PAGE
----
I’ve long been a critic of the save statistic, and I don’t need to rehash why it’s the scourge of the baseball world, but relief pitching is still an important part of the game and we often struggle to properly measure it. Won/Loss record and saves tell you nothing about a player’s individual skill, especially not relievers, and even things like ERA don’t do a lot of good because relievers aren’t charged for runners they let in belonging to another pitcher and can get charged with runs allowed by the pitchers who come after.
Strikeouts, walks, and homeruns allowed (the basis of FIP) are good measurements, but FIP inherently strips away context. And context does matter for relief pitchers. It’s an elite reliever’s job to come in and strand runners, so strikeouts are good and homeruns are bad, but sequencing is really important and it matters a lot when they get outs and when they allow baserunners.
In a sense, FIP and similar statistics are good, but they aren’t perfect because they’re context neutral and we might want some context in reliever stats. Win Probability Added (WPA) is a typical way to fix this, but this feels too context dependent for me. WAR is always a nice combination of these kinds of measures, but WAR is a counting stat so how much a reliever is used matters a lot, and relievers are often used incorrectly.
My point here is not that I can come up with something better, but rather that I want to try to add something. I always look at reliever stats and find logical holes more often than with position players and starters. I want a reliever stat that measures context, considers the peripheral numbers, and also understands the luck involved. I didn’t find one out there that satisfied me, so I went to work inventing one.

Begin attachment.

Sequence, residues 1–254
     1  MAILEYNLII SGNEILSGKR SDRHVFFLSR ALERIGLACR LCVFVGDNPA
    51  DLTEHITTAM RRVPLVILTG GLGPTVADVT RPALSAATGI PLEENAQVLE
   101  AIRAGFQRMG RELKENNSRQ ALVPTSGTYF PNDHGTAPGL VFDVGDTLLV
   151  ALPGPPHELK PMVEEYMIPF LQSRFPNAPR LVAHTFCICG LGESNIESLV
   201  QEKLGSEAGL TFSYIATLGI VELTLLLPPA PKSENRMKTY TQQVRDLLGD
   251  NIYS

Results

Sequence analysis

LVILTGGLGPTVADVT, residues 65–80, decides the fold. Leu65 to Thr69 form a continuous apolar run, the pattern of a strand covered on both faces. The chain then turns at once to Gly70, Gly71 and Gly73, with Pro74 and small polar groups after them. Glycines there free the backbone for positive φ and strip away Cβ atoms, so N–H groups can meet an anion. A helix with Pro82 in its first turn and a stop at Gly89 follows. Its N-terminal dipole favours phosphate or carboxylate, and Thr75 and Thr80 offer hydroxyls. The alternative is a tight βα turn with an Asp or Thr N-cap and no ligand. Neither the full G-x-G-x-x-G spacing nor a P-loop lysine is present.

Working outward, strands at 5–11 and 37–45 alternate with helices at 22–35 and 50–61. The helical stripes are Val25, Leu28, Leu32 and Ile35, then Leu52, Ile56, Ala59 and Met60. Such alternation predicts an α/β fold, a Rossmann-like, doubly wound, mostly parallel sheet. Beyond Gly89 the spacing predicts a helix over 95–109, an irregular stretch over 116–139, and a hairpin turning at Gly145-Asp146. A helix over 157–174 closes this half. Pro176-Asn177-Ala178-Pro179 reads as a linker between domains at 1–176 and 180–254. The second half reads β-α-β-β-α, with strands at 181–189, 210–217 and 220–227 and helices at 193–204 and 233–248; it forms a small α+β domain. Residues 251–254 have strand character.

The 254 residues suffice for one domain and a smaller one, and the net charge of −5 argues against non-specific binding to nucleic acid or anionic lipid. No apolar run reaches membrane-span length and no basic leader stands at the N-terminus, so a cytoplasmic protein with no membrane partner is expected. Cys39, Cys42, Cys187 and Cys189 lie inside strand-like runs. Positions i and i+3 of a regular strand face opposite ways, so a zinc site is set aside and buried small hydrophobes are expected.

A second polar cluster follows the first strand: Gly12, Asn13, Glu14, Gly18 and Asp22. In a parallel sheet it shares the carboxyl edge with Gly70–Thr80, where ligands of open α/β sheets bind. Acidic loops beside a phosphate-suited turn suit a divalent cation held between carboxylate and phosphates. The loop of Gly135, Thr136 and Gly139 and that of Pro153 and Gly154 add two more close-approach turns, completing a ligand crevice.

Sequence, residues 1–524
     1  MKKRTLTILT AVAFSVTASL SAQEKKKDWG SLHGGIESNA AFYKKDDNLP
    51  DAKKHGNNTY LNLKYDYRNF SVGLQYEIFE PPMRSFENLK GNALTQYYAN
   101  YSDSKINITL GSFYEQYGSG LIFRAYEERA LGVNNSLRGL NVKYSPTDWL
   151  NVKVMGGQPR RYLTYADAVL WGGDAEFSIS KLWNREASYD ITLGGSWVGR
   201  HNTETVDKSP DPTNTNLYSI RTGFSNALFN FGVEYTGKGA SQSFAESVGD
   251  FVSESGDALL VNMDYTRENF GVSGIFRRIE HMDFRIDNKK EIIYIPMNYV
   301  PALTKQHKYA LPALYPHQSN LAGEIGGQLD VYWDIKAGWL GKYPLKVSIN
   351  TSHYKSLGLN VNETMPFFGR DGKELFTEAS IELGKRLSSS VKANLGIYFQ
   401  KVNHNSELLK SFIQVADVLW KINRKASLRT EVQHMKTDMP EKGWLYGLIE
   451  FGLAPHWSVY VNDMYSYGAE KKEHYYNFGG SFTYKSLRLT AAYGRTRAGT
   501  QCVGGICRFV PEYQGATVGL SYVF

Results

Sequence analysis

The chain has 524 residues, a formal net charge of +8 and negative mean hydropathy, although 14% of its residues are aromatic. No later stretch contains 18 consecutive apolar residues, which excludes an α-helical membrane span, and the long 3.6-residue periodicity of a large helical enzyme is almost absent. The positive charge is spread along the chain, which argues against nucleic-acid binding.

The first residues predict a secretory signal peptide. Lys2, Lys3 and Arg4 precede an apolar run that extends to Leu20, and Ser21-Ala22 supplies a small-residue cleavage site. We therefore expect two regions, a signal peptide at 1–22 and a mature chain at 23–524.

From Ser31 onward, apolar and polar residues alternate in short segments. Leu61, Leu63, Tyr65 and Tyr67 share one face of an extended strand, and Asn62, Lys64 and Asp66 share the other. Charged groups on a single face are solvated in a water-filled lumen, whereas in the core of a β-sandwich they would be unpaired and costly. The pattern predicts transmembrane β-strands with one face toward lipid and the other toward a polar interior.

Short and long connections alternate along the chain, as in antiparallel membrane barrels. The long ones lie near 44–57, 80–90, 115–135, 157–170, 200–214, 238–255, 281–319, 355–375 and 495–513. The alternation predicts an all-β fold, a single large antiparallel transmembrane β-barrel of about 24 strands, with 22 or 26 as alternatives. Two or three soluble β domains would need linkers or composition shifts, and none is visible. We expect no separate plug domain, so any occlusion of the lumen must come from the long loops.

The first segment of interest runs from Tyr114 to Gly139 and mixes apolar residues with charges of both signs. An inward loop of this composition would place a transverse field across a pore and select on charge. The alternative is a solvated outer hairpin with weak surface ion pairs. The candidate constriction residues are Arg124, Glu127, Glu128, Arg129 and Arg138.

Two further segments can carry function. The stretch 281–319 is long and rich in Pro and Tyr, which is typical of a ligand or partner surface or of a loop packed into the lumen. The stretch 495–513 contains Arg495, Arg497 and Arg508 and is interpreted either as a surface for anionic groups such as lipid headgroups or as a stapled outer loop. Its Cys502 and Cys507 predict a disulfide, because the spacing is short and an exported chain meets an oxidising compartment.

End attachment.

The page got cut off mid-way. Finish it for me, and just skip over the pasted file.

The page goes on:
I’ll say this. This isn’t perfect and I want to improve it. Flaws you may find in the method should not cause you to discount it, but rather to add to the discussion. This is a first crack. I hope you find it useful.
So first, I started with a question: What is the job of a relief pitcher? Here was my answer:
- Strand runners
- Don’t allow baserunners
- If you allow baserunners, don’t let them score.
With that outlined, I went to work thinking about how to measure each and came up with the following statistic that I will call SOEFA, pronounced like “sofa.” It stands for Strand On-base ERA FIP Average and should be thought of as a way to measure relievers from your sofa. Yes, I have a whimsical side.
It has four components, let’s walk through them.
First is Strand Rate+, which I calculated as what percent better or worse a reliever is from league average at stranding runners. League average is 70%, so if you strand 100% of your inherited runners, your Strand Rate+ is .43 because you are 43% better than league average.
Second, is your Expected OBP+ or xOBP+ which is your opponents on base percentage calculated as a percentage deviation from league average just like SR+, except that I regress your hits allowed based on league average BABIP because sometimes batters get lucky hits.
Third, is my version or ERA+, which is just like normal ERA- except I scale mine to zero instead of 100 like the major stat sites and invert it. Same principles regarding deviation from average applies. FIP+ is exactly the same, except I use FIP-. These numbers are park adjusted.
To combine them, I add SR+ to xOBP+ and then add ERA+ to get eSOEFA. I then repeat the same process and replace ERA+ with FIP+ to get fSOEFA. A pitcher’s SOEFA score is the average between the two.
The output gives you a number that sets league average at zero and ranges technically from negative infinity to about 2.5, but generally speaking you won’t see a reliever fall below -2.5. Basically it’s a -3 to 3 scale that puts good relievers on the plus side and bad ones on the negative side.
Additionally, at my discretion, relievers who have inherited fewer than five baserunners during the season (this number will likely be fluid based on where we are in the season) are given a league average SR+ so that if you don’t ever inherit runners you aren’t unfairly punished because you are not given sufficient opportunity to strand them or you are not given credit for an awesome strand rate if you strand the only runner you inherit.
I’m pretty happy with the first round of results. The first run of results came from stats entering June 25th and it generally lines up with my impression of the best performing relief pitchers in baseball. I have no idea if this stat is predictive or how long it takes to stabilize. Right now, it correlates with ERA and FIP at -.73 and -.75 despite the fact that each is only 1/6 of the input and the R squared is around .6 using it to predict FIP, if those kinds of things interest you.
It’s experimental. It’s meant to be fun and maybe helpful.